Filling empty frames with followers’ fantasies, esteemed soundscapist leads his flock to artistic freedom.
Never a stranger to pomp and circumstance, Rick Wakeman went a different way when it came to the fiftieth anniversary of his solo debut, to focus one’s mind eye on highly personal pictures at an exhibition – personal to those eager to tune into their own insights, while listening to the veteran play, and complement his melodies with their own mental canvas. Such was the approach Rick’s music teacher suggested he apply to a performance, but Wakeman also looked to classical examples in the process of creating “A Gallery Of The Imagination” – not for nothing the album’s artwork contains the silhouettes of Salvador Dali, Frida Kahlo, Pablo Picasso and Rembrandt – although there’s no stylistic borders drawn across this dozen of the ivories wizard’s pieces delivered with and without his ensemble and with or without voice. Less spatial in scope, the successor to "The Red Planet" turned out to be just as cosmic, if earthly connected to the grand scheme of things.
That’s why the entrance to this hallowed hall of sonic paintings is “Hidden Depths” which slowly sacrifices acoustically sparse, Satie-esque solemnity in favor of electric passages, possessed with groovy elegance, as Dave Colquhoun’s slider rolls fuel up Rick’s scherzo on his customary Minimoog and faux choirs, before “The Man In The Moon” fills Wakeman’s euphoric shimmer with the spiritual pull of Hayley Sanderson’s singing – tightened by Lee Pomeroy’s bass rumble and Ash Soan’s unhurried beat but flying free. Aficionados are apt to find echoes of the keyboardist’s past here – the translucently harmonic, albeit emotionally assertive, “A Mirage In The Clouds” could have emerged from "Softsword" where Rick prominently deployed female vocals for the first time, the ethereal, albeit tangibly twangy, “The Visitation” from “Phantom Power”, and the pure piano wonder of “The Creek” from “Country Airs” – yet there’s hardly a number in his canon similar to the salsa-tinged jive of “Cuban Carnival” which, unlike the gripping balladry of “My Moonlight Dream” that’s close to sublime, will offer infectious, fiery frivolity.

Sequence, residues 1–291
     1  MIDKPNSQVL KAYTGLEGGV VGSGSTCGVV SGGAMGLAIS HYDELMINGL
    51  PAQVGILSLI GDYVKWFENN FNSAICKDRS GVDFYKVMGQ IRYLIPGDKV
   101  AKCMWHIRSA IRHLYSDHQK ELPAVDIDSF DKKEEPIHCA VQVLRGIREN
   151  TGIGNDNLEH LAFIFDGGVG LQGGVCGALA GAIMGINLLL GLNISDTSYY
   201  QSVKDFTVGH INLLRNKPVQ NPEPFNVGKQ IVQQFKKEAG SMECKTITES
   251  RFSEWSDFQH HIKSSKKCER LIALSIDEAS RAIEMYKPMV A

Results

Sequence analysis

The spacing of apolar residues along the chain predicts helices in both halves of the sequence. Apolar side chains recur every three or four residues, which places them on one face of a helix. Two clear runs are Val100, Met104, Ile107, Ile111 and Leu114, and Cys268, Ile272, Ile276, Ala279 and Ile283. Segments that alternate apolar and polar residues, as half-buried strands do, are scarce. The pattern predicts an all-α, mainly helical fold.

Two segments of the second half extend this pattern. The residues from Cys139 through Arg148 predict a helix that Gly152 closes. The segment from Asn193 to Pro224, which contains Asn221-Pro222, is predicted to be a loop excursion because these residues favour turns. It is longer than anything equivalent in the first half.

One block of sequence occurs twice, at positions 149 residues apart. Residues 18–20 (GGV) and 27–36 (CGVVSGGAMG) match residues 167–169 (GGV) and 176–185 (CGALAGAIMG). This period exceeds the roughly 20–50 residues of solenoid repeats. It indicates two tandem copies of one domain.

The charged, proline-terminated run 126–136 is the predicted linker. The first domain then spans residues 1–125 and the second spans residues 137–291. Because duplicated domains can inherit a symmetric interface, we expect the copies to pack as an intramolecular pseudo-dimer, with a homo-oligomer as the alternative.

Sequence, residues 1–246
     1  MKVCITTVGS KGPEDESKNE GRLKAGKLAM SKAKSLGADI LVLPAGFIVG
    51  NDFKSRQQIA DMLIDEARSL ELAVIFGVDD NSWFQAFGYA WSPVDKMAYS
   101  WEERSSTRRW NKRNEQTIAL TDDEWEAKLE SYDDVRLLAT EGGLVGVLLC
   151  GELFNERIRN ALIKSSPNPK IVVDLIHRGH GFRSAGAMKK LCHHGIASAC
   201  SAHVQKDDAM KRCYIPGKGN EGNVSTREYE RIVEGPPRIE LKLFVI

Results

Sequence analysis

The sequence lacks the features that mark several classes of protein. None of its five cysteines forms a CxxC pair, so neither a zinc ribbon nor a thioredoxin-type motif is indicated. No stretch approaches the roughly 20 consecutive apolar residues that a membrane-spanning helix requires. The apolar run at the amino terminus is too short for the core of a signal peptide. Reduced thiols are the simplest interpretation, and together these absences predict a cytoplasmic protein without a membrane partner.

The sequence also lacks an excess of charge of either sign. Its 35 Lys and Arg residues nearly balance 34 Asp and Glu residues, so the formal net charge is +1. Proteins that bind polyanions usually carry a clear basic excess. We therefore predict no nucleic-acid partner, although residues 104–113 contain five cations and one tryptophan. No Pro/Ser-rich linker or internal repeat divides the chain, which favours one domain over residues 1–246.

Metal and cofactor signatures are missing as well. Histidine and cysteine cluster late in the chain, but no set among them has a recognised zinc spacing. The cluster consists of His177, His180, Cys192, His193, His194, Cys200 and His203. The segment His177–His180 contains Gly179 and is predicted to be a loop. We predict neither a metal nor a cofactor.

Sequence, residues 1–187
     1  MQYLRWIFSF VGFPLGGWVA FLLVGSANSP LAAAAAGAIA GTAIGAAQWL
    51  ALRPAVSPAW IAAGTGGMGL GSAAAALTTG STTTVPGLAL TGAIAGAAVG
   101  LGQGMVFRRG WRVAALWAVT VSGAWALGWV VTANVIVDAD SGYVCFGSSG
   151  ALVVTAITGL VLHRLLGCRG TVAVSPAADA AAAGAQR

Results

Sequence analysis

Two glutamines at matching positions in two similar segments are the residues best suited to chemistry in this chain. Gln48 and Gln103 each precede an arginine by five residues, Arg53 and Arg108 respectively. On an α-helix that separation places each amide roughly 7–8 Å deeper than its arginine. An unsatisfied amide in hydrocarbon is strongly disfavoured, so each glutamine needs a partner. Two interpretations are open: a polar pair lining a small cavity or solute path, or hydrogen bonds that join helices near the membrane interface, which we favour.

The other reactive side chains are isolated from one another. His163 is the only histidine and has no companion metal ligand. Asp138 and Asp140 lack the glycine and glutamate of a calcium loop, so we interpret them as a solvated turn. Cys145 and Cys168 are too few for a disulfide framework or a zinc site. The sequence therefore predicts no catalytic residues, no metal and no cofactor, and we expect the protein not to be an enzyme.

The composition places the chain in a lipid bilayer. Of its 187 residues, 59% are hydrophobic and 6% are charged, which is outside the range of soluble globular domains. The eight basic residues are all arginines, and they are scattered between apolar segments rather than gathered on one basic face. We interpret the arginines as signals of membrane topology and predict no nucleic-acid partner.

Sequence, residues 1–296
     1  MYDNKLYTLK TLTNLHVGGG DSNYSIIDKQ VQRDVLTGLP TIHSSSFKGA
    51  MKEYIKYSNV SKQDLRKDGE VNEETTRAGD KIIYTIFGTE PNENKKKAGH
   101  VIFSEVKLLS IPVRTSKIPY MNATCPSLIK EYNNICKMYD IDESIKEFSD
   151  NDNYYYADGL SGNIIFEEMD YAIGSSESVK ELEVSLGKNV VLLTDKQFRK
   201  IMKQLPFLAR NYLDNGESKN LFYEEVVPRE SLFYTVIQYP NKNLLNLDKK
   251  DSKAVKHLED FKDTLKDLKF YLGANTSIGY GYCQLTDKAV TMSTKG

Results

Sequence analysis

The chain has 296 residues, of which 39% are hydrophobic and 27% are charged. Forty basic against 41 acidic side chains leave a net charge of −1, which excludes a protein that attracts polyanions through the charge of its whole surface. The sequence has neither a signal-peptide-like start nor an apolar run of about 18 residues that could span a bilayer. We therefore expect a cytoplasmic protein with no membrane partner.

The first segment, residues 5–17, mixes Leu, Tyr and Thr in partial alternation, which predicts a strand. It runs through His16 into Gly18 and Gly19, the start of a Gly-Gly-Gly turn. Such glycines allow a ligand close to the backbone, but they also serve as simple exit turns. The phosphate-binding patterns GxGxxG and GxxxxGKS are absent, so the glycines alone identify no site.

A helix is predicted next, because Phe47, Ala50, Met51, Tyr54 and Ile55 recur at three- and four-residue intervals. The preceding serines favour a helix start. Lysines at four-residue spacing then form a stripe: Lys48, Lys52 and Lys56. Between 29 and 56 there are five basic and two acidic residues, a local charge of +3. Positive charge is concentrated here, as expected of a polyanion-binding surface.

And once the flow may seem to become too pensive again, “The Dinner Party” sees the band strike a vaudevillian chord with the “Gallery” visitors by mixing boogie, funk and orchestral uplift to a dazzling effect, Wakeman opting for a couple of wigouts in the cut’s center, and anchoring the elegy of “A Day Spent On The Pier” to a reverie via the stroll of his nimble fingers, until “The Eyes Of A Child” resolves this fanciful stroll in a drift through innocence – the opposite to pomp and circumstance. That’s something Rick couldn’t conjure for a long while, and the resurgence of his sensual abilities is a great way to celebrate the portrait-based jubilee of Wakeman’s start on a star trek of a solo career.